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Remote Digital Nomads & Estate Planning - What You Need to Know

Estate planning can be a challenge for digital nomads. Learn how to create an estate plan that works for your lifestyle with this guide.

Patrick Hicks

Patrick Hicks, @PatrickHicks

Head of Legal, Trust & Will

Are you interested in joining the digital nomad movement? There are currently over 15 million digital nomads in the U.S. alone, a number that may increase along with the continued popularity of flexible remote and freelance jobs. If you do decide to take your job (and life) on-the-go, be sure to have your affairs in order. In this guide, we teach you how to create your Estate Plan that will work with your chosen lifestyle.

What is a digital nomad?

A digital nomad is a worker who leverages technology so that they can be location-independent. They use the internet to work remotely and to stay connected to their jobs, co-workers, and clients. Digital nomads can be employees, self-employed individuals, or freelancers. They might choose to travel domestically within the U.S. or overseas, and they often work in coworking spaces, coffee shops, and other public locations that provide internet access.

How do you become a digital nomad?

Although there is no single method of becoming a digital nomad, the first thing you’ll want to do is take a look at your finances. Set a monthly budget based on the type of nomadic lifestyle you desire. Go over your finances and see where you can cut out unnecessary expenses. 

When you live life on the go, there will be certain expenses you’ll no longer need, such as permanent housing, gym memberships, or subscriptions. You may be surprised to find out that your budget is much smaller than anticipated when you cut out most material possessions and creature comforts.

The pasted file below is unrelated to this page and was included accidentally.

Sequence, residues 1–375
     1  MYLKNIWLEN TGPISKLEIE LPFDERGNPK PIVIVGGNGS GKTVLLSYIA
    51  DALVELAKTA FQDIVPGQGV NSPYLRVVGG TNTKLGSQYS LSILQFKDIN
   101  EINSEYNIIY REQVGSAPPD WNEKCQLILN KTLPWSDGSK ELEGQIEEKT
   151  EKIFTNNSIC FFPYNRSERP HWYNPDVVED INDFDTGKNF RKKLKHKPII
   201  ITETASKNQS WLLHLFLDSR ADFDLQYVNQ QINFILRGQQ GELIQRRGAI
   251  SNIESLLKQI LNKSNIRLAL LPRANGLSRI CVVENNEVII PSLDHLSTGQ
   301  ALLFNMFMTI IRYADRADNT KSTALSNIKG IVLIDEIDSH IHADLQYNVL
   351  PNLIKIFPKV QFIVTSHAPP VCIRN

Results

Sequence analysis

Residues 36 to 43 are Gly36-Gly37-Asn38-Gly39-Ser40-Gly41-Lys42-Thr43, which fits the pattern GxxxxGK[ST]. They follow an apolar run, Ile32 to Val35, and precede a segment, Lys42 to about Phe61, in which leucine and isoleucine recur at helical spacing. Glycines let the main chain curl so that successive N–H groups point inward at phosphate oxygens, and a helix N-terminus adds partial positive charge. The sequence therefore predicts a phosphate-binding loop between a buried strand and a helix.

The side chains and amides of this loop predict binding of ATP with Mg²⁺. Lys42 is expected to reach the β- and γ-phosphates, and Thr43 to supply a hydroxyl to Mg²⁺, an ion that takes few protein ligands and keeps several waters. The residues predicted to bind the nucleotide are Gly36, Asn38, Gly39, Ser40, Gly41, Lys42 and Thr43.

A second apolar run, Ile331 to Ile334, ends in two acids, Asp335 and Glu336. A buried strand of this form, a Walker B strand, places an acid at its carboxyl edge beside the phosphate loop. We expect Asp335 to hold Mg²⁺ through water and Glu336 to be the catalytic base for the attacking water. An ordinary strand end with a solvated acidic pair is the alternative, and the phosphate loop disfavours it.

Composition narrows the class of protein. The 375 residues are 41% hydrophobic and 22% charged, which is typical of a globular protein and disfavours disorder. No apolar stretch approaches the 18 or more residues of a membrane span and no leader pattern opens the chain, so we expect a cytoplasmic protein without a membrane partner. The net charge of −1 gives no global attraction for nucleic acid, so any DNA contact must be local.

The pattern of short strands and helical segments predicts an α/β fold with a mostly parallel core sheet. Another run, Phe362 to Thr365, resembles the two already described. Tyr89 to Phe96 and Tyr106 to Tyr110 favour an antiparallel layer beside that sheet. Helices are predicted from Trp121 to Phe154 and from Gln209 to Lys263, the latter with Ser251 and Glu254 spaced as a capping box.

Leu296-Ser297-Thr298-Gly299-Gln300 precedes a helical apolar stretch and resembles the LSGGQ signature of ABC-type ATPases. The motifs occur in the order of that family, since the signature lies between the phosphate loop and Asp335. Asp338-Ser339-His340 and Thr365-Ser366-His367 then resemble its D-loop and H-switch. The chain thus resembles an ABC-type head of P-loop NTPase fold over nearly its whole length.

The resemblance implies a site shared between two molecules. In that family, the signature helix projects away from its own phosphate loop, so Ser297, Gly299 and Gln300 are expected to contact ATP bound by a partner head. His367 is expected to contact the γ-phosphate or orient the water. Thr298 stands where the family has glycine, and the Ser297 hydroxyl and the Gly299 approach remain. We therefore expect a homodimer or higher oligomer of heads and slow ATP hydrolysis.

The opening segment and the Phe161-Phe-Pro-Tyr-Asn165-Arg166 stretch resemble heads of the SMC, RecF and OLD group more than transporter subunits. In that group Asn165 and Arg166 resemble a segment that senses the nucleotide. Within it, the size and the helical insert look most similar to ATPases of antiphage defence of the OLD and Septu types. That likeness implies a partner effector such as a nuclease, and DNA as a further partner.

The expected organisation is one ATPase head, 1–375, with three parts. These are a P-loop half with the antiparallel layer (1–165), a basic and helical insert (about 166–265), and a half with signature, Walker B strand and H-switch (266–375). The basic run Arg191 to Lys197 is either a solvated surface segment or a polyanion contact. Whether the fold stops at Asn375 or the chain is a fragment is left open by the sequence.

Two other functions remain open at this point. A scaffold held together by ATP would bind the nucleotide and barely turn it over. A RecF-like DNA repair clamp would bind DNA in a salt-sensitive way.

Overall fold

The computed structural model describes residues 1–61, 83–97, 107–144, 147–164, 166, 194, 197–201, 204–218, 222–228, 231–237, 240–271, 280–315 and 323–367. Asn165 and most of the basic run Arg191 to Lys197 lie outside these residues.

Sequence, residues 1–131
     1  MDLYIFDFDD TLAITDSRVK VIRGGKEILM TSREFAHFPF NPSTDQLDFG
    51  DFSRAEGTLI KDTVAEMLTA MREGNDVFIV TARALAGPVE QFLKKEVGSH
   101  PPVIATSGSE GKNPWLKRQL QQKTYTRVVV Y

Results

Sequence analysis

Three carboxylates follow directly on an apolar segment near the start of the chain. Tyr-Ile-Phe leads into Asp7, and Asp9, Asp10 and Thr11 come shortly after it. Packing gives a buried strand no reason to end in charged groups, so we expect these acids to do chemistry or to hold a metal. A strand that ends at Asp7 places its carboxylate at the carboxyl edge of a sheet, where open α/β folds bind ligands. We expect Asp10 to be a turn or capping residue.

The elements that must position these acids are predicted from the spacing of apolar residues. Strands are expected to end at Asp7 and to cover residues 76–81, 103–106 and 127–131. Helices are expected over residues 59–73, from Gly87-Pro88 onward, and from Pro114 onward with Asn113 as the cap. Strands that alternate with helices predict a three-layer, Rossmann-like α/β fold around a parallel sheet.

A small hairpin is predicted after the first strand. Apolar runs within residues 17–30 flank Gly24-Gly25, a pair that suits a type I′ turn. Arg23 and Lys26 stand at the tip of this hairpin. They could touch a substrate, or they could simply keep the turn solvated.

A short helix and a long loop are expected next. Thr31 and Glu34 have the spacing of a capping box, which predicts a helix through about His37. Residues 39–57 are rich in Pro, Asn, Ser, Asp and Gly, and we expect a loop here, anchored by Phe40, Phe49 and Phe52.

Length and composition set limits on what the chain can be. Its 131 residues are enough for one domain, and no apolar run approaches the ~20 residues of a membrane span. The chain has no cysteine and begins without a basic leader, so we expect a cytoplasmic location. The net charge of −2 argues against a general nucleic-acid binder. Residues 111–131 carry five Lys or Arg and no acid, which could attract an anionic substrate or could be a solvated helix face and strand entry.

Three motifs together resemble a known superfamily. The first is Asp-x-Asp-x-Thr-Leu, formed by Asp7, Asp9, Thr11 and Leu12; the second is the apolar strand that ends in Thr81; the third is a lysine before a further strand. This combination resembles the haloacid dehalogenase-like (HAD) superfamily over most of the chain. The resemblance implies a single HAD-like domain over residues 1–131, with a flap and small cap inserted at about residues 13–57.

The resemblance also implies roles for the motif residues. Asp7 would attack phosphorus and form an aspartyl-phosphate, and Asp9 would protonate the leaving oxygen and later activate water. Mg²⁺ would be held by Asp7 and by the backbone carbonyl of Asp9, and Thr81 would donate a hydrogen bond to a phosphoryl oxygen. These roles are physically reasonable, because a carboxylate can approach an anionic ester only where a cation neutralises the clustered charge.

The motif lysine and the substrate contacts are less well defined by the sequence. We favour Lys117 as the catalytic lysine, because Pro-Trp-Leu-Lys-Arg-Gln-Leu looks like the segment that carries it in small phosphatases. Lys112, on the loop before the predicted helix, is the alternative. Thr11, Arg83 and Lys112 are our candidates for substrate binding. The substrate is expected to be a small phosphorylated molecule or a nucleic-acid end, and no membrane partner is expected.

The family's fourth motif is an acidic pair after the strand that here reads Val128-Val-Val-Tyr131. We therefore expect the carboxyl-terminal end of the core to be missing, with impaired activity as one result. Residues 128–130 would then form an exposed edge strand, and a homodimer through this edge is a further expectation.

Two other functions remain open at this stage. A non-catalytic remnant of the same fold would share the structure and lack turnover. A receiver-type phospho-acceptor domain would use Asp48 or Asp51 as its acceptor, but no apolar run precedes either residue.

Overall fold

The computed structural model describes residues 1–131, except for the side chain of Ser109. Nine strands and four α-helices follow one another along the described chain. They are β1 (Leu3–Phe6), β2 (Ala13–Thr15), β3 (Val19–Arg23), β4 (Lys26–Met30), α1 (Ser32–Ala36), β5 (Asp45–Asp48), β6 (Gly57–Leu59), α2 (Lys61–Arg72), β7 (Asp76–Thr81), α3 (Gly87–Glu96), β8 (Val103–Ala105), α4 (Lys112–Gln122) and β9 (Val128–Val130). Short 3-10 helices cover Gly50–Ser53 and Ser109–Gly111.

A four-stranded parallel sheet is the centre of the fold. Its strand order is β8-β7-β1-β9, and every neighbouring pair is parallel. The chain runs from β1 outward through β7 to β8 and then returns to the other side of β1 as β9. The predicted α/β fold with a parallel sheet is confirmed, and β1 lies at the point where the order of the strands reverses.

Based on your new monthly budget, determine the income you need to bring in. This might even help determine the type of job you need, if you don’t already have one. Many digital nomads are highly skilled workers with traditional, full-time jobs. In this case, your salary will be consistent and dependable. If you plan to freelance or create income in less traditional ways, be sure to create a financial safety net to cover your expenses when you don’t have a consistent paycheck.

Aside from career and finances, you also need to determine your method of travel and lodging. The majority of domestic digital nomads travel and dwell in a vehicle, such as a van or camper truck that includes a place to sleep and oftentimes a kitchenette. Others may travel using their car or public transportation and find accommodations in the locale of their choosing.

Last but not least, be sure to protect yourself by purchasing a travel health insurance policy. While traveling for the better part of the year will bring you many joyous experiences, it’s important to plan for the moments that don’t go your way. You may get sick, experience accidents or emergencies, or need access to general healthcare for checkups and medication. If you plan to travel internationally, you’ll need immunizations to visit certain corners of the world. Be sure to find a health insurance plan that will cover you wherever you may go. 

Another great way to protect yourself is to put your Estate Plan in place. Getting your affairs in order should be at the top of your priority list in case anything should happen to you on the road. Already on the road? Don’t worry. In the next section we’ll show you how you can create your Estate Plan from the road. 

Remote estate planning for digital nomads

As a digital nomad, you’ll want to consider how to get your affairs in order. Estate planning can be unique for someone like you, since you might not have an official state of residence (a domicile) or many physical assets to consider. 

However, you should still have an Estate Plan. This is because you likely still have assets and personal belongings to pass down to loved ones should anything happen to you, and you can make your wishes known by starting a Will or Trust